by Steven Ertelt
October 30, 2004
Boulder, CO (LifeNews.com) — A new ad released over the weekend leading up to Tuesday’s presidential election features a 13 year-old diabetes patient who urges voters to support John Kerry for president because she claims President Bush’s policy on embryonic stem cell research won’t help patients.
The 30-second ad is being paid for by a California-based political group called Real Voices which has also run other spots critical of the president.
The ad, which will run on CNN and other cable outlets, features Caroline Hale, a 13 year-old Colorado girl with diabetes.
"I’ve had diabetes for four years, and it’s a hard disease to manage," she told the Boulder Camera newspaper. "I’ve been interested in stem cells for a long time and the possibility of a cure for diabetes. I thought that I would do whatever I could to help out."
"Hopefully they can hear about what it’s like to have diabetes and see that President Bush’s policy doesn’t work in this case," she said.
However, President Bush’s policy may be the driving force behind research into adult stem cells that could provide treatments for diabetes patients.
In August 2001, President Bush announced he would prohibit funding any new research that involves the destruction of human life. However, his administration spent $190 million on adult stem cell research, which has already produced 140 treatments for diseases and ailments.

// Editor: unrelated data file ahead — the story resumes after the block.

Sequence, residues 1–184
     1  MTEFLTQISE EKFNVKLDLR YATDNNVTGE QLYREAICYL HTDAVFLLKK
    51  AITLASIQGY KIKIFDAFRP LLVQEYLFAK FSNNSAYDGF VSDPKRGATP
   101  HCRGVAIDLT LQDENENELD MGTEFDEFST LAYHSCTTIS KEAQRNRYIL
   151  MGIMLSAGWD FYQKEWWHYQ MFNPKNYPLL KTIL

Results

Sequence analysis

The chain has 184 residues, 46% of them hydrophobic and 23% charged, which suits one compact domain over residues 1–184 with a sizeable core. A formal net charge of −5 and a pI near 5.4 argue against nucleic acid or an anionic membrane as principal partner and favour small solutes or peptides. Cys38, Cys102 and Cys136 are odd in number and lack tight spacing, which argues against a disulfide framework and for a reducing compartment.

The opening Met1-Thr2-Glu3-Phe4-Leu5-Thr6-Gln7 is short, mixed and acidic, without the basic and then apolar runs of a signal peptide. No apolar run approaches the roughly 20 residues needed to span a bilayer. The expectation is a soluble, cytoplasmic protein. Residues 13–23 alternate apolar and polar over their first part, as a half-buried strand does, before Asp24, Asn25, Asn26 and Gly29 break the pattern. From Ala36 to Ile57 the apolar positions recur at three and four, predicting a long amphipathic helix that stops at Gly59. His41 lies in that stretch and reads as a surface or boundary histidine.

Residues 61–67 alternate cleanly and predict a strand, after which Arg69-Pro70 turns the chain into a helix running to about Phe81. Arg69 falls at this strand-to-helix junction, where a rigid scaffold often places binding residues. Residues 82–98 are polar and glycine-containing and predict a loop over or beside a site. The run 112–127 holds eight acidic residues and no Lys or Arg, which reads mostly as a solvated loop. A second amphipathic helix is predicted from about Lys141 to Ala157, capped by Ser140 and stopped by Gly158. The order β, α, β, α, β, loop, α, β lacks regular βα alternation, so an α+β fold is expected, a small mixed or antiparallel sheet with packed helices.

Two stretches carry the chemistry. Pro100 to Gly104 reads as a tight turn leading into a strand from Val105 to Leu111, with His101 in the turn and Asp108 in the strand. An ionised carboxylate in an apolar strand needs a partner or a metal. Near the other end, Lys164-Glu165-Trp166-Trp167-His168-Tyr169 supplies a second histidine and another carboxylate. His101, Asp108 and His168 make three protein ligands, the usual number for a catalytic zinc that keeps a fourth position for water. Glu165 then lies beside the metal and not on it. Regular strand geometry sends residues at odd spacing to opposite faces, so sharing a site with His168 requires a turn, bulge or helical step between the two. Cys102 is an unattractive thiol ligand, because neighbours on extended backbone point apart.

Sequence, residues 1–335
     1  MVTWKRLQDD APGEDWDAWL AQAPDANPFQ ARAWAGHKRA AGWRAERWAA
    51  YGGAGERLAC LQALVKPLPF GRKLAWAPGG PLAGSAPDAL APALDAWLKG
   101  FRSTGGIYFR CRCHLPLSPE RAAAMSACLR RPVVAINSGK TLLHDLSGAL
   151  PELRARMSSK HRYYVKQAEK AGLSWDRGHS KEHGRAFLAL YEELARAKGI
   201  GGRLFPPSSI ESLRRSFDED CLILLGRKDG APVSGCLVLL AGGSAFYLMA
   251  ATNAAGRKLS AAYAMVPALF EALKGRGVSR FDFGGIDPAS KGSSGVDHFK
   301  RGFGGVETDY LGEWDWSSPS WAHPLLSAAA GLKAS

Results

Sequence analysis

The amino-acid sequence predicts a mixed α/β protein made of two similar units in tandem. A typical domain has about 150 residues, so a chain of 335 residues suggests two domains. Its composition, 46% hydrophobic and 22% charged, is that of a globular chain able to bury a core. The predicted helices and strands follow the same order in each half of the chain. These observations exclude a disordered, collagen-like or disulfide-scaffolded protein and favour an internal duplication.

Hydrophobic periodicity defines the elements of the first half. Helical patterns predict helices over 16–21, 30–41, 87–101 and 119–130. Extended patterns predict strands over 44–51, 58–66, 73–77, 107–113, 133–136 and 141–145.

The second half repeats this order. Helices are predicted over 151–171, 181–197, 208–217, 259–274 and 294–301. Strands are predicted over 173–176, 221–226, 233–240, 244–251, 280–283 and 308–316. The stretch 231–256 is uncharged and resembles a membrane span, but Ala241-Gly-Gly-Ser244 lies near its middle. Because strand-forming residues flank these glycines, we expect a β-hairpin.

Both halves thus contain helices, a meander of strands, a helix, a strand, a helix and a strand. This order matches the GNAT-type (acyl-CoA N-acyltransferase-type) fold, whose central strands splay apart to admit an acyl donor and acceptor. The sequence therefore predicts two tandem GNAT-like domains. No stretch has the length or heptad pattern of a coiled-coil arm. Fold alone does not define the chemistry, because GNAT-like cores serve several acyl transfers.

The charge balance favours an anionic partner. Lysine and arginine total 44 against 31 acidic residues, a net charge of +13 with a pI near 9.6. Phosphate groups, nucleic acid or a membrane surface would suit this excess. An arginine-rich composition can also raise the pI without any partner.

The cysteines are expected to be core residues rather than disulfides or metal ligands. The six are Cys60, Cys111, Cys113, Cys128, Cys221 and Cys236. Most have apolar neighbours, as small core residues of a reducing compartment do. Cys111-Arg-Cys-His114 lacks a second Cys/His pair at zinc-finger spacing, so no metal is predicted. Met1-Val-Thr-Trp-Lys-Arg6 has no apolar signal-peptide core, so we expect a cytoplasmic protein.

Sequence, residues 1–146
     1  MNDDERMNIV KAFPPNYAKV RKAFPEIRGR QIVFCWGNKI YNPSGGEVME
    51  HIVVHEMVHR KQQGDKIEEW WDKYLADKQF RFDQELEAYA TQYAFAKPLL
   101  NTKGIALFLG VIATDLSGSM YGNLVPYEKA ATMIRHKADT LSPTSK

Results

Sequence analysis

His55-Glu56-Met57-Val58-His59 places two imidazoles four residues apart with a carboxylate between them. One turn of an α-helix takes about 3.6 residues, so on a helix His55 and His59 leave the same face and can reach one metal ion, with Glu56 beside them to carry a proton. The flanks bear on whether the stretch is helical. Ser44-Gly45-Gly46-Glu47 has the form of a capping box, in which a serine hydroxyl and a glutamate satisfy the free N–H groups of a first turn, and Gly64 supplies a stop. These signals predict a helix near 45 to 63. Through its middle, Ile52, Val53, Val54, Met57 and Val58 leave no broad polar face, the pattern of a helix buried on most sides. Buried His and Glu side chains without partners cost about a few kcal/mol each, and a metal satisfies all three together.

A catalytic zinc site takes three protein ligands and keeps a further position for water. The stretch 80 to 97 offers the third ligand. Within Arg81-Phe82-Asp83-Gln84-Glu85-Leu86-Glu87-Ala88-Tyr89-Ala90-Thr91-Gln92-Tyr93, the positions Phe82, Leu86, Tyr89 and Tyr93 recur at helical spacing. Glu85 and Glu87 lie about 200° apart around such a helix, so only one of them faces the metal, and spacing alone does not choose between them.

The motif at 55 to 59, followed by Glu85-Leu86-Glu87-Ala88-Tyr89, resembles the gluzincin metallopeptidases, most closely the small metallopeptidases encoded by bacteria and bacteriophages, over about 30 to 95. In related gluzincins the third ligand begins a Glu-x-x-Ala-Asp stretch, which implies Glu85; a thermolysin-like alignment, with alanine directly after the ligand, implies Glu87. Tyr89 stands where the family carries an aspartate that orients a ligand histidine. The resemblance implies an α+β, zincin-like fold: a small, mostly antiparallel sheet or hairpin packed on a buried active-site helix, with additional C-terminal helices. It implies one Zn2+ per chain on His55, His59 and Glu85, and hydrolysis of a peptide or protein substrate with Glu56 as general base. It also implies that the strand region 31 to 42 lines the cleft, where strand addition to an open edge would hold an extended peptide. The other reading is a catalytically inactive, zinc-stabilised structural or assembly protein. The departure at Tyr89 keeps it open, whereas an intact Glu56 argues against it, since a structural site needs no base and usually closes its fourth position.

In August, scientists from the University of Toronto say they may have discovered adult stem cells in the pancreas could offer hope for diabetics who take insulin shots to make up for defective cells.
Found in the pancreas of mice, they could be capable of creating insulin-producing beta cells. Those cells can compensate for defective pancreatic islets, which are comprised mostly of beta cells.
The islets produce insulin that regulates a person’s blood sugar level.
"Pancreatic stem cells could provide a plentiful supply of beta cells for transplant treatments," the researchers said in a statement.
According to the study, published in the August 22 edition of the medical journal Nature Biotechnology, the researchers are now conducting further reviews to ensure that the cells they found are adult stem cells and not just precursor cells that simply give rise to the development of the pancreas.
Stem cells can renew themselves over the entire life of the person or animal and can produce varied cell types, such as the islet cells diabetes patients need.
Researchers at the University of Alberta have been transplanting the insulin-making islet cells into patients and helping them shed their dependence on the insulin shots. However, the research relies on harvesting the islet cells from human cadavers and the supply of the cells fluctuates significantly.
The discovery of adult stem cells that can create a limitless supply of islets could prove revolutionary.
Should president Bush be re-elected, studies on such adult stem cells in the United States would continue and be eligible for government funding.
Related web sites:
UT Study – https://www.nature.com/cgi-taf/DynaPage.taf?file=/nbt/journal/vaop/ncurrent/abs/nbt1004.html